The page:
Strawberry Ice Cream Cupcakes

It’s that time of year again when I break up for the summer holiday and celebrate my birthday. As Hubby & I have known each other for 9 years he knows exactly what I like. With the KitchenAid for my birthday last year and the trip to River Cottage for Christmas he outdid himself yet again this year with an iPhone for me. I’ve been talking about buying myself one for ages, but have been saving up. For my birthday I also got some beautiful flowers, lovely set of new saucepans (after the handles fell off my old ones), microplane grater, Lothian raspberry vodka from Demijohn and some other lovely foodie gifts. What you can’t see in the photo above was that 3rd Birthday was the birthday I got a Fisher Price kitchen set for my birthday, a sign of things to come?

To celebrate my birthday we had a BBQ, something of which has come a bit of a tradition. Thankfully the rain held off and in amongst the various vegetables and raised beds we had a barbecued shoulder of hogget (sourced from a smallholding friend) along with some tomato focaccia, roasted new potatoes, beetroot hummus and salad.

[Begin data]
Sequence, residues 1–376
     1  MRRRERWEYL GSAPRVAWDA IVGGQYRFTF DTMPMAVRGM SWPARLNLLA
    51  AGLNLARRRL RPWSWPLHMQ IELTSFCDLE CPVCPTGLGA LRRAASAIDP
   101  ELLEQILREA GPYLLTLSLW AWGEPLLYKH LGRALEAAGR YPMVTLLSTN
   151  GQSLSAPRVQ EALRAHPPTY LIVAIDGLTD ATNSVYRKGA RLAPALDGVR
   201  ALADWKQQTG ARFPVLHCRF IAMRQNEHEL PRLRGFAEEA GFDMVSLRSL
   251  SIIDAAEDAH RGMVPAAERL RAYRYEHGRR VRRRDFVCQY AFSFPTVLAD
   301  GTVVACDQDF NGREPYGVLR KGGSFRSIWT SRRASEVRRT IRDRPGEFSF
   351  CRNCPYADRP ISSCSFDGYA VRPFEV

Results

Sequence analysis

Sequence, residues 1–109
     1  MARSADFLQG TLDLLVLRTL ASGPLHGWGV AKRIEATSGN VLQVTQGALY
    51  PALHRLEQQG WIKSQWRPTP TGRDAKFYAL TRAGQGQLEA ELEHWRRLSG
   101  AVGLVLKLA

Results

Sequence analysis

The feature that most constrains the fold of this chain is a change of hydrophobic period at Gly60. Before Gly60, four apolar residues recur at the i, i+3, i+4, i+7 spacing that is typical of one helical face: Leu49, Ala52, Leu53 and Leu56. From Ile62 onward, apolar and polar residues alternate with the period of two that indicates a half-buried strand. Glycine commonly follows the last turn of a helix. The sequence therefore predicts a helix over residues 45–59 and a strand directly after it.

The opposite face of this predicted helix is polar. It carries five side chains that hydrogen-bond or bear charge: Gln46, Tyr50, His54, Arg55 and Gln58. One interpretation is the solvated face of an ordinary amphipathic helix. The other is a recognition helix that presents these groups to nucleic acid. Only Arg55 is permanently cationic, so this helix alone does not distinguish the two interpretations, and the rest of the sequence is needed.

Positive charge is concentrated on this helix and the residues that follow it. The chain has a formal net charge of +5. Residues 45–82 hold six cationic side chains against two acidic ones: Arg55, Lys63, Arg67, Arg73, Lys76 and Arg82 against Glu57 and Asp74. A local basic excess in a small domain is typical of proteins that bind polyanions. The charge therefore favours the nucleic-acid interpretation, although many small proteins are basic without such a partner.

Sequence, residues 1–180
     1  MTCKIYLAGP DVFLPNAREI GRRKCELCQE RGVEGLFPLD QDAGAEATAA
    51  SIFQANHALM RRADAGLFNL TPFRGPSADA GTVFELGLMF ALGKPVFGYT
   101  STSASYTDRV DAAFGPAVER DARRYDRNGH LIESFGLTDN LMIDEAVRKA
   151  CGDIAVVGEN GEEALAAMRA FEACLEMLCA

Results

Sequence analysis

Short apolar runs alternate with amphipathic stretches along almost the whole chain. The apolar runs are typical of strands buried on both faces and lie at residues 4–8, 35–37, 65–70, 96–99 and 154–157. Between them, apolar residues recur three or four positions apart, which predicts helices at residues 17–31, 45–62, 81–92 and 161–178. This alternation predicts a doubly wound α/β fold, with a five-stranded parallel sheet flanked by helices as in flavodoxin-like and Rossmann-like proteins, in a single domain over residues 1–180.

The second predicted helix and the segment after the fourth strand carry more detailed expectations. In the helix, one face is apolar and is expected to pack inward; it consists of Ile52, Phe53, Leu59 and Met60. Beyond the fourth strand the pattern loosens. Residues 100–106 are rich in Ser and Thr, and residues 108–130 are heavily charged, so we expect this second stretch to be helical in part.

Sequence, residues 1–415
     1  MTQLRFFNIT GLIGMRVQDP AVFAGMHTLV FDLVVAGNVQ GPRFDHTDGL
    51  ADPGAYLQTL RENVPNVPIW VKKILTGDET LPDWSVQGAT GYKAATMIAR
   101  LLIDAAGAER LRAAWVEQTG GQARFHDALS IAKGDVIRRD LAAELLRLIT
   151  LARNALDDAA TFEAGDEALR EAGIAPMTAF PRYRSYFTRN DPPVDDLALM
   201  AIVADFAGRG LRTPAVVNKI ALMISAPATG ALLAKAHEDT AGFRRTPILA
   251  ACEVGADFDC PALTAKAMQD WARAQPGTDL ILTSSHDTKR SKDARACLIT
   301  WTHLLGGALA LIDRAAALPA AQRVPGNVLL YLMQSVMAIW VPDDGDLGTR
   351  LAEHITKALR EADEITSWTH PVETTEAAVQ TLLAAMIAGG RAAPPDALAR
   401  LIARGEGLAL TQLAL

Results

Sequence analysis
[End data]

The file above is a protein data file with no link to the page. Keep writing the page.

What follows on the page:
For after the BBQ I made a peach melba jelly and also wanted a nostalgic cake. When I saw the Ice Cream Cupcakes on Mums Who Bake a few weeks back I knew they would be perfect. As a child I can remember how much I loved the marshmallow filled ice cream cones that were a treat and any trip to the seaside was incomplete without a Mr Whippy. As strawberries often featured in my childhood birthday cakes I wanted to add the pulp from the last few strawberries from the garden into the icing.

One thing about traditional cupcakes is that I’m not a big fan of buttercream as I find it too sweet, so decided to try a cream cheese frosting. Well, I have to say I’m converted to cream cheese icing. Although it doesn’t last as long as buttercream and it isn’t as stiff, it’s not as sweet as buttercream and absolutely delicious. I could quite happily just eat the icing! I really enjoyed my making these cakes and I’m going to try and do more swirly icing on cakes now I’ve found an icing I like. Still need a bit more practice with the icing bag and I’m going to try and see if I can find bigger icing nozzles as the shops here have quite a limited selection.

One thing I did learn from this is don’t overfill the ice cream cone or it will dramatically burst and dribble cake mix down the cone.

Strawberry Ice Cream Cupcakes
Makes 8-10

For the cakes
125g plain flour
125g vanilla sugar (or caster sugar)
125g softened butter
2 eggs
1 tsp vanilla extract
1.5 tsp baking powder
8 flat bottomed ice cream cones

For the icing
240g cream cheese, cold from the fridge (it has to be the full fat version or it won’t work)
80g softened butter